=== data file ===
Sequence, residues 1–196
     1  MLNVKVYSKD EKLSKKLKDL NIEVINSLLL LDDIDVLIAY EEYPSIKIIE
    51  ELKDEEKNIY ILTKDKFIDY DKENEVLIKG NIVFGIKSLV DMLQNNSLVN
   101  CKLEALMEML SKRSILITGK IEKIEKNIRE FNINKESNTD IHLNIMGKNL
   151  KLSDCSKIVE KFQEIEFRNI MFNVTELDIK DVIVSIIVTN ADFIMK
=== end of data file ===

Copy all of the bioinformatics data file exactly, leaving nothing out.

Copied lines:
Sequence, residues 1–196
     1  MLNVKVYSKD EKLSKKLKDL NIEVINSLLL LDDIDVLIAY EEYPSIKIIE
    51  ELKDEEKNIY ILTKDKFIDY DKENEVLIKG NIVFGIKSLV DMLQNNSLVN
   101  CKLEALMEML SKRSILITGK IEKIEKNIRE FNINKESNTD IHLNIMGKNL
   151  KLSDCSKIVE KFQEIEFRNI MFNVTELDIK DVIVSIIVTN ADFIMK